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First published in Smith's Weekly, Sydney, NSW, 3 Dec 1937

First e-book editions:
Roy Glashan's Library & Project Gutenberg Australia, 2017
Version Date: 2017-11-19
Produced by Terry Walker, Colin Choat and Roy Glashan.

The text of this book is in the public domain in Australia.
All original content added by RGL is protected by copyright.

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THIS book is a product of a collaborative effort undertaken by Project Gutenberg Australia, Roy Glashan's Library and the bibliophile Terry Walker to collect, edit and publish the works of Aidan de Brune, a colourful and prolific Australian writer whose opus is well worth saving from oblivion.


"MISTER H'alebut Cay! Mr. H'alebut Cay!" The page droned the cry down the crowded lounge of the Hotel Splendide and halted before a young man, sprawling on one of the red-leather lounges. "Mister Cay, you're wanted!"

Aldebert Cay managed to struggle to his feet, holding tight to the page's shoulder. Tall, fair and well-built, with the reminder of the country sun's tan on his face, he showed signs of a long spell of drink and dissipation.

"Who wan's me? You..." He paused and peered vacantly into the boy's freckled face. "You... you're 'Bob,' ain't you? Though' so. Say Bob, you go an' tell 'em to..."

"Box 4, sir." The page caught the man by the waist of his jacket and propelled him towards the telephone cabinets. "Come on, sir. That's right! Take that in yer 'and an' yell."

"Think I don't know?" Cay leaned heavily against the ledge under the instrument, waving the receiver in his hand. "Say, Bob. Take this an' get me a bran'y an' soda. Keep th' change, an' get out. How th' devil you think I'm going ter entertain th' lady when you're there, grinnin' all over yer face?"

The page closed the door of the cabinet and went across to the pages' bench against the Inquiry Desk, making no attempt to carry out the order. Drink was not served in the hall lounge of the hotel.

The minutes passed. At the end of a quarter of an hour the boy went across to the cabinet. Cay was not there. Puzzled, for he had not lost sight of the cabinet since the young man entered it, he went to the desk and explained to the clerk. Busy, and indifferent, she decided Cay had managed to leave the cabinet while the page's attention was diverted—and placed the note to the young squatter's credit.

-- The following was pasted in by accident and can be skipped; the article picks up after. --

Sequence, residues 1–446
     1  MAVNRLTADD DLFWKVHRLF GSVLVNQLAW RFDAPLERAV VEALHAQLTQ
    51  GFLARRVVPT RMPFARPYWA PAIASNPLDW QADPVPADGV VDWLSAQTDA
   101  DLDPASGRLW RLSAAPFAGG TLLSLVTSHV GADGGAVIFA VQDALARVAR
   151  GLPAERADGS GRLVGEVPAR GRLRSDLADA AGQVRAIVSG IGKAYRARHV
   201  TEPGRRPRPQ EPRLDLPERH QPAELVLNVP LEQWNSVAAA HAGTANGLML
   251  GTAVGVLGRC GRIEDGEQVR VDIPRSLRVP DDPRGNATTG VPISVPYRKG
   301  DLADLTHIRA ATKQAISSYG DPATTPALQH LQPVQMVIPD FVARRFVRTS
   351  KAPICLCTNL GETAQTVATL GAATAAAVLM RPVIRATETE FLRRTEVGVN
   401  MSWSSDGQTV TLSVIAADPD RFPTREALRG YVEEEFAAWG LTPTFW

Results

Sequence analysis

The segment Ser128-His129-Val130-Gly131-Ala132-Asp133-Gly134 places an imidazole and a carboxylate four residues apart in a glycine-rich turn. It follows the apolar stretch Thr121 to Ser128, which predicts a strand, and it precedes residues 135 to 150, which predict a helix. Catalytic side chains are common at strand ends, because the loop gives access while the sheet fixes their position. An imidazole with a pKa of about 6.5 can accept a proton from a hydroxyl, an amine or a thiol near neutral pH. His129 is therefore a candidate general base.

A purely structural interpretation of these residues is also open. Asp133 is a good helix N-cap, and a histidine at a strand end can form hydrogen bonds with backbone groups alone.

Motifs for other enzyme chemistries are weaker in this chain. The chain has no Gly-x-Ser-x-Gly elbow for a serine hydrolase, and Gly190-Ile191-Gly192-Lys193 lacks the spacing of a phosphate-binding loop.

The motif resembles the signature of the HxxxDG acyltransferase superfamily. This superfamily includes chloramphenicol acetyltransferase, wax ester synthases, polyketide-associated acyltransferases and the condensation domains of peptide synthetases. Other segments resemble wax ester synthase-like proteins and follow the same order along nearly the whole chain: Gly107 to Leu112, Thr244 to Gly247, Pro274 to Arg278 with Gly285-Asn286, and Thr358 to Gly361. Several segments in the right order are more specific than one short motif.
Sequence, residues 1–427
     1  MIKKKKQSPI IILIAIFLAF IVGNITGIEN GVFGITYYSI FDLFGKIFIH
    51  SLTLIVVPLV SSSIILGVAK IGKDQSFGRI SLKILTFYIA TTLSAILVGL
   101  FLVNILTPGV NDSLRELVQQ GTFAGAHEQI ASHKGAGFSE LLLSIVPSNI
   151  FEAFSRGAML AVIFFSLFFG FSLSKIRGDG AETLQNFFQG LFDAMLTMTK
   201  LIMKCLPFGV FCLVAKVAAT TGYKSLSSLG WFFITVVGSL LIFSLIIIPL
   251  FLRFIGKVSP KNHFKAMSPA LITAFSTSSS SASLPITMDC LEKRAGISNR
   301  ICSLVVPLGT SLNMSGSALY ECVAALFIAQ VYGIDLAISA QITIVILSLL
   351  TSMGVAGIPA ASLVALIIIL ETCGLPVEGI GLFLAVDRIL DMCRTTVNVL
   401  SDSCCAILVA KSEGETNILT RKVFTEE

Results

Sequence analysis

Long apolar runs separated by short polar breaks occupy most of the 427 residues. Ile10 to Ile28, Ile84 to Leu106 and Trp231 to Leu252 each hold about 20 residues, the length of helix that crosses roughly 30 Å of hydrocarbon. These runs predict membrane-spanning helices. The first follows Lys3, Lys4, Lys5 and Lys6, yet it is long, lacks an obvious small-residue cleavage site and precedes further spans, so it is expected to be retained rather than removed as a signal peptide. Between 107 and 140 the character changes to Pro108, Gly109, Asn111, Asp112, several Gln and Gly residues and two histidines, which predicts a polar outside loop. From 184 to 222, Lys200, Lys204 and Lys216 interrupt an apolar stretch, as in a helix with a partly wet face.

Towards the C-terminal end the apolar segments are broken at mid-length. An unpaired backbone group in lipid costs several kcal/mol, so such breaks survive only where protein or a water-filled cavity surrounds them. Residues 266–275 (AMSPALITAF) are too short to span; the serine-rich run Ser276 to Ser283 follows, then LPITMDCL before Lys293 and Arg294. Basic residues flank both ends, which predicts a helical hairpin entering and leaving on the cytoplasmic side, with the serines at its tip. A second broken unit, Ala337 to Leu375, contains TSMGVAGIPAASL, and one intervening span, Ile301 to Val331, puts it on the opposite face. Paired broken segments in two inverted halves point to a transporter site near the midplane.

Matters came to a head next morning when the floor-maid reported that Mr. Aldebert Cay had not slept in his bed the previous night. He had disappeared completely from the hotel.

DETECTIVE-SERGEANT Robert Greyson closed his note-book and snapped the elastic band around it. He sat silent, staring expressionlessly at Superintendent Brandon on the other side of the big desk.

"He went into the telephone box." Greyson permitted a light smile to part his lips. "From there—nothing."

"In a crowded hotel lounge! Talk sense, Sergeant! There's only one solution. He came out of the box while the page was not looking and wandered onto the streets."

"He hadn't a hat." The detective spoke stolidly. "His hats, gloves, stick, and overcoats were in his room."

"He was drunk!" The Superintendent spoke impatiently. "What of the telephone call?"

"The switch-board attendant at the hotel informs me a call from Roytown came for Mr. Aldebert Cay about 2.30 that afternoon. That seems to be the call he went into the cabinet to answer."

"Who made the call?"

"The Roytown operator states she had no call for Sydney that day between the hours of 1.10 and 4.21. I've traced both those calls. One to a man in Sussex Street; the other to a lady in North Sydney."

"I had a call from the Hon. Samuel Cay, M.L.C., this morning." Greyson spoke woodenly. "He states no one from his house telephoned the Hotel Splendide that day. He added that if you don't have his son located pronto, he'll make a little rebuilding necessary at Police Headquarters."

"Humph!" Brandon made a wry face. "Well, Greyson, it's up to you. Am I to tell the Hon. Samuel Cay, M.L.C., that..."

"You may tell Squatter Cay to go where his collective sheep will raise a savoury smell to the heavens!" Greyson levered himself from his chair and sauntered to the door. "Thought I'd let you know how matters stood, in case the Woolly King took it into his head to pay you a visit."

THE detective closed the door and walked up the long passage to the main entrance. Greyson was guessing that the puzzle before him would end in a kidnapping case. The Cays were wealthy. Someone had noticed the inebriety and fondness for thrills of the young squatter. It had been easy to tempt him from the hotel—where? He turned on his heels and went down to the Hotel Splendide.

Bob Dunn, the pageboy, was not on the bench on the lounge, but sooner or later he would return. For a quarter of an hour Greyson sat patiently watching the people in the lounge and the telephone cabinets.

At length, the boy returned, greeting the detective with a shy nod.

"Been a run, son?" The officer opened the conversation carelessly yet sympathetically.

"Bloke wanted some theatre tickets." The boy grumbled. "Wasn't content to telephone an' pick 'em up at th' theatre."


"Still thinkin' of that chap as disappeared?" The boy laughed. "Gee! He could drink! Wish I 'adn't given that note to th' girl. I could do wi' it—an' 'e told me to keep th' change!"

"Tell me how he managed to get out of that cabinet without you seeing him and I'll find a pound note for you, perhaps two," Greyson suggested quickly.

"Couldn't." The page boy spoke disgustedly. "I was watchin' all th' time. Never took me eyes orf it once."

Greyson walked over to the lift and went up to Cay's vacant room. From one of the suitcases he took a number of letters and sat on the edge of the bed to digest them. Three he placed on one side. In the lounge he went to the Desk and asked to be put through to Roytown—to Mr. Sam Cay's station.